May 2018 Manufacturing ISM PMI: 21 Straight Months of Growth

With continued United States economic and manufacturing industry growth, the May 2018 Manufacturing Institute of Supply Management (ISM) Report on Business paints the picture of a bright future for the overall economy as well as the industry. In fact, it shows the economy having seen its 109th month of continued growth in May while the manufacturing industry grew for the 21st consecutive month. The industry increased 1.4% with the Purchasing Manager’s Index (PMI) reaching 58.7% to beat April’s 57.3%. Responses to the May survey also reflected positivity as 16 of 18 manufacturing industries reported growth. In addition, “No industry reported a decrease in PMI® in May compared to April.” But what was behind this growth?

Positive trends

In May, all Indexes with positive percentage point changes showed faster growth except for Supplier Deliveries, which was slowing faster. In addition, Prices were increasing at a faster rate.

  • The New Orders Index rose to 63.7%, up 2.5% since April. This Index has continued to grow over the course of the last 29 months. It points toward positive trends in the demand for manufactured products.
  • The Production Index increased to 61.5%, up 4.3% since April’s report of 57.2%. The Production Index has been growing for 21 months straight. The ability to meet demand as new order numbers increase will be necessary to continue keeping the industry healthy.
  • Employment numbers also continued to grow for the 20th consecutive month, reaching 56.3%, up 2.1% from April. This was despite manufacturers’ continued difficulties in hiring skilled laborers. The overall health of and growth in the industry has made hiring additional workers not only viable but ultimately necessary.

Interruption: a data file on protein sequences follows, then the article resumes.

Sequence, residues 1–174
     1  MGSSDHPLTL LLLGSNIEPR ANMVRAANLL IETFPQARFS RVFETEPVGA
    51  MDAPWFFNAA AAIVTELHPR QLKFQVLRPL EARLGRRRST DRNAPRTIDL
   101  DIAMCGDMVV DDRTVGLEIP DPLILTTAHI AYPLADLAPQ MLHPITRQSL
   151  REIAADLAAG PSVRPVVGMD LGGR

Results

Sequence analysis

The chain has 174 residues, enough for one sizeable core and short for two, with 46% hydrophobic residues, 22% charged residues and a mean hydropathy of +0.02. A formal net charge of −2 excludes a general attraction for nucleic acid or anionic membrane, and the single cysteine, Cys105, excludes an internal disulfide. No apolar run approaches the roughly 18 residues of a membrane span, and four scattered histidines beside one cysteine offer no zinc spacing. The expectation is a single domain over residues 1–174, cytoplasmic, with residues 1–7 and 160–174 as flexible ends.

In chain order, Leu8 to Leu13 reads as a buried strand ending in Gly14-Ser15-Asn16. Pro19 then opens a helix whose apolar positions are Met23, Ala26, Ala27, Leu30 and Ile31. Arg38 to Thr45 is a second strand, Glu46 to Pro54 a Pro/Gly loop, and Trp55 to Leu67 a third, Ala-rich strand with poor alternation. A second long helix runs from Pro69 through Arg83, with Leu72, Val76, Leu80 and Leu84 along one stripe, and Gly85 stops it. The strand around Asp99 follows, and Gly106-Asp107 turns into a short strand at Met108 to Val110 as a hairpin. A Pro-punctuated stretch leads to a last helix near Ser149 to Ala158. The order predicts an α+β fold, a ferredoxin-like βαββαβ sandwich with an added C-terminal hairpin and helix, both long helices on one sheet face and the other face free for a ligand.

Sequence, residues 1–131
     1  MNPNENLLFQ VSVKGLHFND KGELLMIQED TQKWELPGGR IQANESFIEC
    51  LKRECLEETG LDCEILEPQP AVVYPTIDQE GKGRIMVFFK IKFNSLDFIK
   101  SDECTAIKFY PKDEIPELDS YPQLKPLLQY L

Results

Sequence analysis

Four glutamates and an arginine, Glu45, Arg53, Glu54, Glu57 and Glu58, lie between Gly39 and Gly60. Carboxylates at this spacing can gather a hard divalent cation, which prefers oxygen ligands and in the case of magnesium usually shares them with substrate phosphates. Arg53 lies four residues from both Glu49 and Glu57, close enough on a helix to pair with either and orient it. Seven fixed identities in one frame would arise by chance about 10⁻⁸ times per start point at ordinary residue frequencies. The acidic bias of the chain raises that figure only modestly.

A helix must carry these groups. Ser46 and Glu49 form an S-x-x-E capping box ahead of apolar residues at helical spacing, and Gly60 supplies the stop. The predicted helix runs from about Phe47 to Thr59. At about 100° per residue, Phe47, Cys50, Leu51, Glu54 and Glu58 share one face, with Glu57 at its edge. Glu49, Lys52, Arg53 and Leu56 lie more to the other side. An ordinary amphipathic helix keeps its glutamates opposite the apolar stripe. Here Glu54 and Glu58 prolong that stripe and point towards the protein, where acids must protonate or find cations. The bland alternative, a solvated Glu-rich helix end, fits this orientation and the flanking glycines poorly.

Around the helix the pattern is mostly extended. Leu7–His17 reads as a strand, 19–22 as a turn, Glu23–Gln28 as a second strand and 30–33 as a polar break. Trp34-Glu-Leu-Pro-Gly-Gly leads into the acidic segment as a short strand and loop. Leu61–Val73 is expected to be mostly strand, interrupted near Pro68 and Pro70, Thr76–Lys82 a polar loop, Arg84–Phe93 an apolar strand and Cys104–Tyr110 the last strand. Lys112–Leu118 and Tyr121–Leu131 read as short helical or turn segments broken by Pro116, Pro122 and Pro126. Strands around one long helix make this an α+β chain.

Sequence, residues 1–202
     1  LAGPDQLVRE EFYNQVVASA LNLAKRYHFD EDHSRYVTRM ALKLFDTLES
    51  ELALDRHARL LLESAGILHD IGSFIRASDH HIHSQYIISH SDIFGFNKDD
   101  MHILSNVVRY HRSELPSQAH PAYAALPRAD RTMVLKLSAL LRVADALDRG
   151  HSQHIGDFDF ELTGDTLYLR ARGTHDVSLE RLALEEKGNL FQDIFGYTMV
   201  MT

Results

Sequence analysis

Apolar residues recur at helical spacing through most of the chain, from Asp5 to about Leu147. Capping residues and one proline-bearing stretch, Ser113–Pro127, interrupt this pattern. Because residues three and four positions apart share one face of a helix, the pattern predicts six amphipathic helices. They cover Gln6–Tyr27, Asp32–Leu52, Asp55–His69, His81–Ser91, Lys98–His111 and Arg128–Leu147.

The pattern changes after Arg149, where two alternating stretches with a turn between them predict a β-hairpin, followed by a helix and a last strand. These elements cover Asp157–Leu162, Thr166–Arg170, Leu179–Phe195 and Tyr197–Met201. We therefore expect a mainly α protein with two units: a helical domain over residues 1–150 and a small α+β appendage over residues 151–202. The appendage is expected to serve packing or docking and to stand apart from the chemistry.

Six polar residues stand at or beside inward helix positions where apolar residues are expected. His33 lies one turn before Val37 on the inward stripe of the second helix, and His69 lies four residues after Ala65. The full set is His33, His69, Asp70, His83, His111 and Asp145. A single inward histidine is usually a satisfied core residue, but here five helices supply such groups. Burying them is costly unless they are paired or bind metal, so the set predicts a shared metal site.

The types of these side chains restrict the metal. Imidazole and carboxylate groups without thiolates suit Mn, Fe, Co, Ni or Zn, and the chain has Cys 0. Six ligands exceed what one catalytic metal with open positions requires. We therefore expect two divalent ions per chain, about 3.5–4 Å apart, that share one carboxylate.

• The Supplier Deliveries Index came in at 62%, an increase of 0.9% since April’s 61.1%. In its 20th month of slowing growth, the increased ability to meet manufacturing demand is ultimately positive. However, the slowing of this Index points to potential future struggles.
  • The Prices Index was up slightly at 79.5%, having increased 0.2% from April. Prices have been increasing for the past 27 months, largely from the increase in raw materials costs as well as demand.
  • The Backlog of Orders also increased in May, continuing its 16-month growth trend and rising to 63.5%, up 1.5% from the April Index. These numbers point to manufacturers’ difficulties in meeting increased new order demand in May.

Negative trends

While Inventories, New Export Orders, and Imports fell in May, these Indexes are continuing their overall growth trends, just more slowly. Customers’ Inventories, on the other hand, were shrinking faster and still too low.

  • Issues with supplier performance caused manufacturers’ Inventories to decrease to 50.2%, dropping 2.7% from 52.9% in April.
  • Customer Inventories also decreased, maintaining below desired levels. They decreased to 39.6% this month, dropping 4.7% from April’s reported 44.3%. These numbers point to an increased backlog of products, likely due to new order growth.
  • New Export Orders fell 2.1% from 57.7% in April to 55.6%.
  • Imports also decreased, dropping to 54.1% from April’s reported 57.8%, a decrease of 3.7%.

The overall health of the manufacturing industry is following the upward trend of the economy as a whole. Keep an eye out for further developments within the manufacturing sector as these trends develop.

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